How to Choose Business Insurance

One of the most important small business tasks is getting business insurance. Here’s how to choose business insurance that’s right for you.

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Getting a business started is complicated, with many moving parts and endless associated tasks. One of the most important items a business owner should tend to in that critical phase is getting business insurance.

2021 reportedly proved the second-most costly year recorded for insurers worldwide, largely due to U.S. extreme-weather events. Insured losses from natural catastrophes alone totaled some $120 billion.¹ Typically, businesses and individuals whose risks are covered come through unfortunate events in better shape than if they’d been uninsured.

Many businesses start by securing a general liability policy that they can tailor to meet their specific needs. They may add auto insurance, cyber insurance, and others, depending upon their operations and risks. Here we’ll cover business insurance basics to help you figure out how to choose business insurance that’s right for you.

Assess risks and insurance requirements

Experienced small business owners understand that business insurance is a must. While not all businesses are required to have certain types of coverage, owners recognize that it’s money well spent. The right insurance coverage can protect your company, employees, equipment, and other business assets against a variety of threats.

Insurance is one of those things that you may not think about until you need it. But if you have it when you need it, it’s a great relief. It doesn’t cover personal assets, per se. But it can keep your business from going under or sustaining a crippling hit that could set you back considerably.

Before shopping for insurance, business owners should inventory their needs as well as compliance rules in local, state, and federal laws. Certain businesses are legally required to carry certain types of insurance. Most lenders require it as well. Companies that are working under a commercial lease or other arrangements may have a contractual obligation to carry insurance. And companies with employees are required by law to carry workers compensation, unemployment, and disability insurance in most states.

It’s worth the time to take a risk assessment dependent on industry type, location, number of employees and other factors. Your insurance company can help you find one that’ll return the best, most accurate results.

Deciding what kind of insurance you’ll need

There’s a variety of insurance policies available to business owners. Factors like industry, location, contractual obligations, loan requirements, and number of employees all play into the type of insurance needed. For instance, a catering business with 1 employee won’t have the same insurance needs as a landscaping business with 50. If they are in different states or are paying back a business loan, those needs are even more diverse.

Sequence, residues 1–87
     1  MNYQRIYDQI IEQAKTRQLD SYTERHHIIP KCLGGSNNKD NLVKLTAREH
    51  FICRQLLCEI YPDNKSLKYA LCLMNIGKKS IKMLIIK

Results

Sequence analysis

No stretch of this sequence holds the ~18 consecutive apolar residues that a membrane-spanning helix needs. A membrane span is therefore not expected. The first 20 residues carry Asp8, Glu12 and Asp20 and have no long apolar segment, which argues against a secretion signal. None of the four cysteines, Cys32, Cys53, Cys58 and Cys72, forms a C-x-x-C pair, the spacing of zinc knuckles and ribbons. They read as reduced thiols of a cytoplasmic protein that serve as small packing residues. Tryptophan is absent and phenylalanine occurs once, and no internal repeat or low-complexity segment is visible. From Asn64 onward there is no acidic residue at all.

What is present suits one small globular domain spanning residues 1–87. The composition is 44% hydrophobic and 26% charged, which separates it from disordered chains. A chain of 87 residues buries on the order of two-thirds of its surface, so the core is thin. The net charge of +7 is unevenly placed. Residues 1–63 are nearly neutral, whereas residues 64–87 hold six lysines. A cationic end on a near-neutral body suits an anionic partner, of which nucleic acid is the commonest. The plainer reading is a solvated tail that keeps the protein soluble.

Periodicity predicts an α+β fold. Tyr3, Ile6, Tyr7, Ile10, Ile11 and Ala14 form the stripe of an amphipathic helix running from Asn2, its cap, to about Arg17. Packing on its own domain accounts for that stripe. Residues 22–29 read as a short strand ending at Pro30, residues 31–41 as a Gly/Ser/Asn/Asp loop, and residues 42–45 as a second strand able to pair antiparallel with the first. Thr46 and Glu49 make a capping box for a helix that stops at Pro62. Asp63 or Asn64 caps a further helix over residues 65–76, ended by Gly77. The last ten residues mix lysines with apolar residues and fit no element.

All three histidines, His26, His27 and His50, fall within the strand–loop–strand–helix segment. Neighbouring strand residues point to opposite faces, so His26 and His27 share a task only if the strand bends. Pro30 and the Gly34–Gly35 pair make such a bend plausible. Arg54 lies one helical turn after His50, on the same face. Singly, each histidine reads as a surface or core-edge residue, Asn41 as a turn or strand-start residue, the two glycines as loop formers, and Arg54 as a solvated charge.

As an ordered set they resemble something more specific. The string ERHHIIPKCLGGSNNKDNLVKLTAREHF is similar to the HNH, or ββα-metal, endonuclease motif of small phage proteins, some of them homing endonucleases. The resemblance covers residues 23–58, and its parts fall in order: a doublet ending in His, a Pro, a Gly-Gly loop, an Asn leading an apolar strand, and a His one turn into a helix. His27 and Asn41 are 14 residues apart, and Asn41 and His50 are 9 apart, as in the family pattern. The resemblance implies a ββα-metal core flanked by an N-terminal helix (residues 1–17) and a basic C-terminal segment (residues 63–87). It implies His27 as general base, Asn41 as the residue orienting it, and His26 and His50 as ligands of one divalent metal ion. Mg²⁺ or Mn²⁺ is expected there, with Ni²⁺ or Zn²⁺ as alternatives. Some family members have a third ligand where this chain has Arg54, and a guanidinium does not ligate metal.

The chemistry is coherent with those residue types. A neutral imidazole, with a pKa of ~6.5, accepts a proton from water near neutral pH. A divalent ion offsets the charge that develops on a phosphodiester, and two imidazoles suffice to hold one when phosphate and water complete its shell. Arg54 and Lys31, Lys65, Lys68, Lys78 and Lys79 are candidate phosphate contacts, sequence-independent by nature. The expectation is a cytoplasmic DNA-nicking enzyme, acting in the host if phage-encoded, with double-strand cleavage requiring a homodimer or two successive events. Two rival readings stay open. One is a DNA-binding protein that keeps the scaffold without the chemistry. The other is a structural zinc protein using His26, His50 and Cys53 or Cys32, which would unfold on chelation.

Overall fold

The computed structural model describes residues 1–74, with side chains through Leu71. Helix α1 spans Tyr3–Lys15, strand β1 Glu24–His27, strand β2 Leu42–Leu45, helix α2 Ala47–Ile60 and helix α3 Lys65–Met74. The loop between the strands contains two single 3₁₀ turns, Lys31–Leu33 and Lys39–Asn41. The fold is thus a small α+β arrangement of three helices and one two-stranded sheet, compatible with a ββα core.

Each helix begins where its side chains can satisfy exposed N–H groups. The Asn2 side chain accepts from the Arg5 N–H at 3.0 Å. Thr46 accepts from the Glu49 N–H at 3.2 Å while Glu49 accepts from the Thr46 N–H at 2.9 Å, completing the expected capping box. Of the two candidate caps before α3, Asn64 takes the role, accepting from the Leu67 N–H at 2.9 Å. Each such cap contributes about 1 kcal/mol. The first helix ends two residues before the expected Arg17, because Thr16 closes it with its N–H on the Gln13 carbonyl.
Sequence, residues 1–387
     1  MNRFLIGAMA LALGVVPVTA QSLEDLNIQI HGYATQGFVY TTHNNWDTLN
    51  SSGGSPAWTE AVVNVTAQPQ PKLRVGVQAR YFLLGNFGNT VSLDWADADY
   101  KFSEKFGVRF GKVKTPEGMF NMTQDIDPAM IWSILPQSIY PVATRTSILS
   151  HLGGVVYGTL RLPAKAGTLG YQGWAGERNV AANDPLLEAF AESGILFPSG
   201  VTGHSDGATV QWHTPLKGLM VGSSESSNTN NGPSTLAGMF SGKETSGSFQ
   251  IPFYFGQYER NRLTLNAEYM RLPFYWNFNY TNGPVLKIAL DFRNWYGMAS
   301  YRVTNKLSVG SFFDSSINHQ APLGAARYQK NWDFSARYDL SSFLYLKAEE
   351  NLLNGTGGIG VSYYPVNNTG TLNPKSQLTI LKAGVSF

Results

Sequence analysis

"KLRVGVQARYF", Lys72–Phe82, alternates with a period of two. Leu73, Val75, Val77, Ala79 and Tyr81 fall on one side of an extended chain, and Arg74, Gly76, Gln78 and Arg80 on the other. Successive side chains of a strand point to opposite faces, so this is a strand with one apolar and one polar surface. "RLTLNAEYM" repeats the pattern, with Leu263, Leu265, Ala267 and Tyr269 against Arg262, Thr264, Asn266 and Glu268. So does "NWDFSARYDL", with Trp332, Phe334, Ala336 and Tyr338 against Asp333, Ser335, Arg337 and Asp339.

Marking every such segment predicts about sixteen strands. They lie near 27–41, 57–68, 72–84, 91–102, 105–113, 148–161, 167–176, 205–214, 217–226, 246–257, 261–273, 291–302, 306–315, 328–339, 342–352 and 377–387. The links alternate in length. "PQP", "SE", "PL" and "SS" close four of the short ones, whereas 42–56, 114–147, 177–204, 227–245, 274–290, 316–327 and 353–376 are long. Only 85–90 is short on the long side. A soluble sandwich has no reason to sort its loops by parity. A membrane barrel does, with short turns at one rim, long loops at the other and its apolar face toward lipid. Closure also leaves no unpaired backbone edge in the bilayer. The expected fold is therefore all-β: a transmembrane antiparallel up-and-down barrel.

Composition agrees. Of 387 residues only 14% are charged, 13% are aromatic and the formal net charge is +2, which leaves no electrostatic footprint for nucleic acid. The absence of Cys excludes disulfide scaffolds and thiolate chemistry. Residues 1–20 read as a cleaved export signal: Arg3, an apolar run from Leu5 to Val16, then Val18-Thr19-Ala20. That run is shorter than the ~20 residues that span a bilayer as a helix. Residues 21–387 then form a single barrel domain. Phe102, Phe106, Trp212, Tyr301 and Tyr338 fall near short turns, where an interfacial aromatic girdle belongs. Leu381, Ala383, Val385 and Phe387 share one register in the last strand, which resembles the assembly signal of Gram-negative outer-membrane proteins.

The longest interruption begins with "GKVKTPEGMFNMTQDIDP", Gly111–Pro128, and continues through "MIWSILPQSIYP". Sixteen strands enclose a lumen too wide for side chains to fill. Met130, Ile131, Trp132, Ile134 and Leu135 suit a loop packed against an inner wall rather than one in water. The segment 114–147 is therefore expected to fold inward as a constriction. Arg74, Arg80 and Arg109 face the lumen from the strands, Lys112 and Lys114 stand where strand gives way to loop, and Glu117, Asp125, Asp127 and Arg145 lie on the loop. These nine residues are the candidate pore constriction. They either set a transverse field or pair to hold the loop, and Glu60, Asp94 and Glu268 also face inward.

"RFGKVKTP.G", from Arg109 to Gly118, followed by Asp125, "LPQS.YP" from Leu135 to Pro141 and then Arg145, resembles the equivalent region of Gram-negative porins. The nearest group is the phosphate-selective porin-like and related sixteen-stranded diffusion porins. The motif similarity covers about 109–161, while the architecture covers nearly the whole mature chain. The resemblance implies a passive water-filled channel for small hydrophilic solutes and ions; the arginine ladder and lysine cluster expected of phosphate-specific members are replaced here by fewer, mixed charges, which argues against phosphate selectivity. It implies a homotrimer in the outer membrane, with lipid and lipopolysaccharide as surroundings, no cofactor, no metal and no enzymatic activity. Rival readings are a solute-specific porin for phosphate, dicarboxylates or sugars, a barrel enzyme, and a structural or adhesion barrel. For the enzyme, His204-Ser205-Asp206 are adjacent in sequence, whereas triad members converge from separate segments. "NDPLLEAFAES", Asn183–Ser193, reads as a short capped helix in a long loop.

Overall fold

Let’s look at some of the more common types of business insurance.

  • General liability protects against claims of bodily injury, personal injury including slander or libel, and property damage to someone’s possessions.
  • A business owner’s policy (BOP) generally combines general liability insurance and property insurance for the company. It protects the business owner from lawsuits and liability claims. It also protects company property and covers some financial obligations if the business experiences closure due to a covered loss.
  • Commercial property insurance provides protection for rented or owned equipment and buildings used in the operation of the business. It does not cover damage from floods or earthquakes.
  • Professional liability insurance is also known as errors and omissions (E&O) insurance. It provides coverage for legal claims of errors or mistakes in services provided by the business.
  • Workers compensation insurance provides employee benefits if a worker is injured or becomes ill from the job.
  • Commercial auto insurance helps protect the business owner, employees, and business while staff is operating company-owned vehicles for business. This insurance may also help to cover accident-related bodily injury and property damage claims.
  • Cyber liability insurance covers the business in the event of a data breach involving the release or exposure of sensitive private information.
  • A commercial umbrella insurance policy extends the coverage limits for a business’s liability policy. This means that if a claim exceeds its policy’s limits, the umbrella insurance will kick in and cover the difference.

How to choose business insurance for your company? Start comparison shopping.

Every policy is different, and levels of coverage and limitations vary. But good insurance will be integral to the survival of small businesses in the event they experience claims, losses, or business interruption. So whether you need general liability insurance, product liability insurance, or any other type of insurance policy, get it right. Learn more from different insurance companies about appropriate business insurance coverage for your situation. Gain an understanding of your risks, assets, possible unfortunate scenarios, and potential liabilities. Review several business insurance policies and get quotes from highly reputable insurance providers. Ultimately, the best insurance for your business should ensure peace of mind.

Want to know more about small business insurance? Learn what to know about small business liability insurance.

1 Natural disasters cost insurers $120 billion in 2021, Reuters

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